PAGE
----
This post was originally posted at Mind the Science Gap on Nov. 22, 2012.
If you’re reading this from the hospital, it may be too late. If you’re feeling a bit queasy after a big meal of turkey, stuffing, and veggies, you may want to eat an antacid before continuing to read.
Stuffing and Disease
Cooking a stuffed turkey has been linked to food-borne illness. The problem stems, not from the inherent danger of stuffing, but from the cross-contamination of stuffing with turkey juices. If the now-potentially-bacteria-laden stuffing does not reach the same internal temperature as the meat (165 degrees F), there is a risk that bacteria from the meat may survive the cooking process.
In 2009, Greig and Ravel analyzed internationally reported foodborne outbreak data for source. 105 outbreaks were attributed to turkey and other poultry (not including chicken) between 1988 and 2005. (It is important to remember in this instance that an outbreak of disease means that more cases are reported than normally expected for that time frame.) These outbreaks included Clostridium perfringens (botulism’s less deadly cousin), Campylobacter (which causes diarrhea, sometimes bloody), E. coli, Listeria monocytogenes (the causative agent of listeriosis, one of the nastier food-borne illnesses. 20-30% of cases result in death), multiple types of salmonella and staph, and norovirus. (I can ensure you that there is no faster way to ruin a holiday than to infect your whole family with norovirus. Or listeriosis. )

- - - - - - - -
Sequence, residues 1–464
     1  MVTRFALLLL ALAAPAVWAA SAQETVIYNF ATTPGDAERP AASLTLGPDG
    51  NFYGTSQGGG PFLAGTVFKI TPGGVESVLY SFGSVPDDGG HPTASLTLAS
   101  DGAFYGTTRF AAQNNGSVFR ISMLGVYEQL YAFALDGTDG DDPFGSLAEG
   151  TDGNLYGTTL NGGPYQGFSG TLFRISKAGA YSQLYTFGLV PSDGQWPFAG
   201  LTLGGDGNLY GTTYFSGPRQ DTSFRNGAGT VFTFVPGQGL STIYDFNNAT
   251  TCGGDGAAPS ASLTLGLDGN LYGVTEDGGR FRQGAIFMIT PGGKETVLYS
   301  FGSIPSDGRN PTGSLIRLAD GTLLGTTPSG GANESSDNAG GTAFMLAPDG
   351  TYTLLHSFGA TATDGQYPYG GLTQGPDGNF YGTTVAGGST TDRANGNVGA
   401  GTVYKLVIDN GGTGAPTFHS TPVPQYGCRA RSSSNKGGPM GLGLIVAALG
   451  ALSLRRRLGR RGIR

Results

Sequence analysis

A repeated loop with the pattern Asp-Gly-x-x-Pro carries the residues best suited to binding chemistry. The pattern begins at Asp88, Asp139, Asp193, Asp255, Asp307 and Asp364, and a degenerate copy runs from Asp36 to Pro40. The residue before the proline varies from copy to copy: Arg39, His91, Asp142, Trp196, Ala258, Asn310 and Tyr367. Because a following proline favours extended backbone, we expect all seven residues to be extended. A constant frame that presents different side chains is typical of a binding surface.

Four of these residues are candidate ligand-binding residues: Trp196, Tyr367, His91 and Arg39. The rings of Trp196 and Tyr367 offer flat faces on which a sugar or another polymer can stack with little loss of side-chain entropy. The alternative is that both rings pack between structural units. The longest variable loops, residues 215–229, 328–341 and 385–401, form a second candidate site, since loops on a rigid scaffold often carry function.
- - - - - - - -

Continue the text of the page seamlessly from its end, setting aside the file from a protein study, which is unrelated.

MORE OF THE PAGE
Stuffing is one of my favorite parts of Thanksgiving. It’s especially best (in my humbly carnivorous opinion) swimming in turkey juices. (Or chicken. I’ve been known to roast a chicken as an excuse to make stuffing.) Now, how does one accomplish this without risking life and gastrointestinal happiness?
How to Prevent It (Better late than never?)
Stuffing the turkey results in a longer cooking time, in order to completely cook the bird and the stuffing. The stuffing needs to reach the same internal temperature as the meat itself (again, 165 F), since it has been exposed to raw turkey.
Generally, the USDA recommends:
- Do not stuff turkeys that will be fried, smoked, or grilled.
- If meat or fish (i.e. oysters, poultry) is included in the stuffing recipe, cook those ingredients to the proper temperature before mixing them into the stuffing.
- Keep the stuffing moist (the better to kill bacteria) and stuff loosely (3/4 cup stuffing to 1 lb of bird).
- Cook immediately after stuffing.
- Use a food thermometer to check the turkey (and stuffing) for done-ness.
- Let the turkey rest for 20 minutes after pulling it out of the oven.
- Refrigerate all leftovers within two hours of cooking.
- Eat leftovers within 3-4 days of cooking.
An easy way to enjoy your stuffing with the delightful flavor of poultry without the surprise addition of salmonella is to fully cook your turkey and stuffing separately. You can then either put the stuffing in the bird cavity after both have been cooked, or pour turkey drippings over it.
If you do decide to stuff your turkey, this handy article can help you determine the appropriate suture technique to use on your turkey.
Everyone (especially the college students) loves Thanksgiving leftovers. If you do stuff your turkey, remove the stuffing from the bird before putting it in the fridge or freezer. Keep leftovers cold, and eat within 3-4 days.